Session Time: 12:30pm-2:00pm
Location: Research Hub - Kiosk 7
Disclosures: Annette Lukose, MD: Nothing to disclose
Case Description: Sacral chordoma in a 73-year-old male with bowel and bladder dysfunction.
Patient: Patient is a 73-year-old male who presented to the emergency department with complaints of constipation and gluteal pain exacerbated by sitting. Of note, the patient was seen 1 month prior with similar complaints, but x-rays were negative, and the patient was discharged home after fleet enema. The patient also had recent appointment with outpatient urology to have an indwelling Foley catheter placed for urinary retention.
Assessment/Results: Physical exam showed decreased strength in lower extremities, coccygeal tenderness, decreased rectal tone, and no sensory deficits. CT abdomen/pelvis revealed a 10 cm pelvic mass arising posterior to the rectum, invading the left gluteus maximus, and destroying the distal sacrum and coccyx. Biopsy showed sacral chordoma. After discussion of treatment options, patient consented to en bloc tumor resection and PM&R was consulted for pre-operative functional evaluation. Prior to surgery, he was transferred to a different tertiary hospital per request.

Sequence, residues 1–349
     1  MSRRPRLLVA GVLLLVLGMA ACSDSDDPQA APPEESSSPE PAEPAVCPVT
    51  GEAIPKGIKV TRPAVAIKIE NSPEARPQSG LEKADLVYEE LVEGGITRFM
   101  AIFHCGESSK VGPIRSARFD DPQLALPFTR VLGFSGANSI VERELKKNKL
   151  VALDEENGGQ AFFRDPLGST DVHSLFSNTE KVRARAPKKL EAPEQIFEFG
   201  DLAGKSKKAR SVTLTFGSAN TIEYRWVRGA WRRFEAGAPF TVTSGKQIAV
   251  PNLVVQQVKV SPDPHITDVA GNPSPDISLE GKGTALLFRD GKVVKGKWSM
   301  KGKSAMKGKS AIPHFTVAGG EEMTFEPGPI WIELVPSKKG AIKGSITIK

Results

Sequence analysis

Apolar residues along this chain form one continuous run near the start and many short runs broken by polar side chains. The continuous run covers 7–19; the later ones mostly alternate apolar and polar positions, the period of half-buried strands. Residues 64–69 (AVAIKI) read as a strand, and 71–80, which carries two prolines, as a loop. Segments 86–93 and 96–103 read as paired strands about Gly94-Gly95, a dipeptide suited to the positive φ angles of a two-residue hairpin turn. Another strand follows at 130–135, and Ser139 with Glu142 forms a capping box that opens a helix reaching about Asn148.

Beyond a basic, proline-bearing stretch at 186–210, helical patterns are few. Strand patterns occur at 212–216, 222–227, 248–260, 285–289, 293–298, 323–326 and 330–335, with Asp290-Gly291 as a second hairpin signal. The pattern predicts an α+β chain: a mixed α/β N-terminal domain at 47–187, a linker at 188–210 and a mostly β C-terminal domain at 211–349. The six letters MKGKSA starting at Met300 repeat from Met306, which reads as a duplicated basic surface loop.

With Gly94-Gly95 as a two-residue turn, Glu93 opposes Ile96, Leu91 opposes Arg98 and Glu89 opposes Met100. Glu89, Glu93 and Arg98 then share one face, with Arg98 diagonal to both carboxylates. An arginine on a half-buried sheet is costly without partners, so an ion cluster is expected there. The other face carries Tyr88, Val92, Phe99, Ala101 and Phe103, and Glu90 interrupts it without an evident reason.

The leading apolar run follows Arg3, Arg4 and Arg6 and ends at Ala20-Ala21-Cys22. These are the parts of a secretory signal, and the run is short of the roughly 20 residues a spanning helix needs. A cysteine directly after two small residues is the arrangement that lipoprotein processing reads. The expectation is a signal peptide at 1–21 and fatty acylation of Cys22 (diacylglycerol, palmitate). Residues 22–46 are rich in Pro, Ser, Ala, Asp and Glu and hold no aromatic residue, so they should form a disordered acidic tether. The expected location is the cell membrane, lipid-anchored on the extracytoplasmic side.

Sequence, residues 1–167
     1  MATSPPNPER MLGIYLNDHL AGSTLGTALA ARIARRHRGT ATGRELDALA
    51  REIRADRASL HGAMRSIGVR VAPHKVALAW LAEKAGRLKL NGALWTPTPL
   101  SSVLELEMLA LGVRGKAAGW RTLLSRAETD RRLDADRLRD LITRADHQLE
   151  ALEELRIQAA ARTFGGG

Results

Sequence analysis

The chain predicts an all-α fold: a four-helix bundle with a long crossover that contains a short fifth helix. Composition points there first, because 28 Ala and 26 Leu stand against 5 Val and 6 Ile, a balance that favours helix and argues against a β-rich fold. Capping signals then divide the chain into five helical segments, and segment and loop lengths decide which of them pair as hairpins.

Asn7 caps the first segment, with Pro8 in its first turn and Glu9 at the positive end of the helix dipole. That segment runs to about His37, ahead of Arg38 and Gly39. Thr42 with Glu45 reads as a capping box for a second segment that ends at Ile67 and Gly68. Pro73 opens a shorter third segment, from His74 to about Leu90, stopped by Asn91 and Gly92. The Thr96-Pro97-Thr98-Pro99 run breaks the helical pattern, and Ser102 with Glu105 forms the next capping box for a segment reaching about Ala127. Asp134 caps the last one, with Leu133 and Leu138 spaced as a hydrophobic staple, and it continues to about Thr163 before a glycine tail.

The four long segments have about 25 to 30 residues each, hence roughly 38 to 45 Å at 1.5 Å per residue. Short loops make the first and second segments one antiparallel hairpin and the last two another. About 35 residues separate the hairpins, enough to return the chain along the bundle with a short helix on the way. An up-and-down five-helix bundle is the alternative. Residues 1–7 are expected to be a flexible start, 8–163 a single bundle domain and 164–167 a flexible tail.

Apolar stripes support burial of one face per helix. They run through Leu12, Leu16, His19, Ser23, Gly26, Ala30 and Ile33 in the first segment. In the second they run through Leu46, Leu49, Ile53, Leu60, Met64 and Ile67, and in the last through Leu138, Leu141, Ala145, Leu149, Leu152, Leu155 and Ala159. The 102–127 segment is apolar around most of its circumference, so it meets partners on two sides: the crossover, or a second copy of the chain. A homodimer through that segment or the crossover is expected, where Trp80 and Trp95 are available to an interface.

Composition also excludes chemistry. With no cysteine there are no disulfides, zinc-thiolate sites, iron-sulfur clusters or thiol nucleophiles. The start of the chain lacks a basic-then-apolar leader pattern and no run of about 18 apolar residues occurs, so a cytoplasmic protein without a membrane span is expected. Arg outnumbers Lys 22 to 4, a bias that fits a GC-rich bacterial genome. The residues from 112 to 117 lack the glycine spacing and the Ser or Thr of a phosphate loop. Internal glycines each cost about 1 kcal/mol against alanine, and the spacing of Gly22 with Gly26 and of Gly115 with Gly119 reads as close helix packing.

Discussion: Chordomas are rare bone tumors (1:1,000,000 incidence) that arise from remnants of the notochord, with 50% involving the sacrum. Sacrectomy is the mainstay treatment. Due to delayed presentation of symptoms, they are typically large at the time of diagnosis and locally invasive, which often compromises sacral nerve roots during tumor resection. Early diagnosis is important as pre-operative bladder, bowel, motor function, and level of sacral tumor involvement are the greatest predictors of long-term functional outcomes post-sacrectomy. Literature suggests that post-sacrectomy patients generally do not receive acute inpatient rehabilitation; however, retrospective studies point to improvement in functional independence measure scores for patients who do.
Conclusion: A high index of suspicion is required to diagnose this rare disease, especially when chronic gluteal pain is associated with neurological symptoms. Additionally, physiatrists should be aware that post-sacrectomy patients may benefit from acute inpatient rehabilitation following surgery.
Level of Evidence: Level V
To cite this abstract in AMA style:Lukose A, Wang L, Stickevers S, Agarwal S. Sacral Chordoma Causing Bladder and Bowel Dysfunction [abstract]. PM R. 2019; 11(S2)(suppl 2). https://pmrjabstracts.org/abstract/sacral-chordoma-causing-bladder-and-bowel-dysfunction/. Accessed February 27, 2024.
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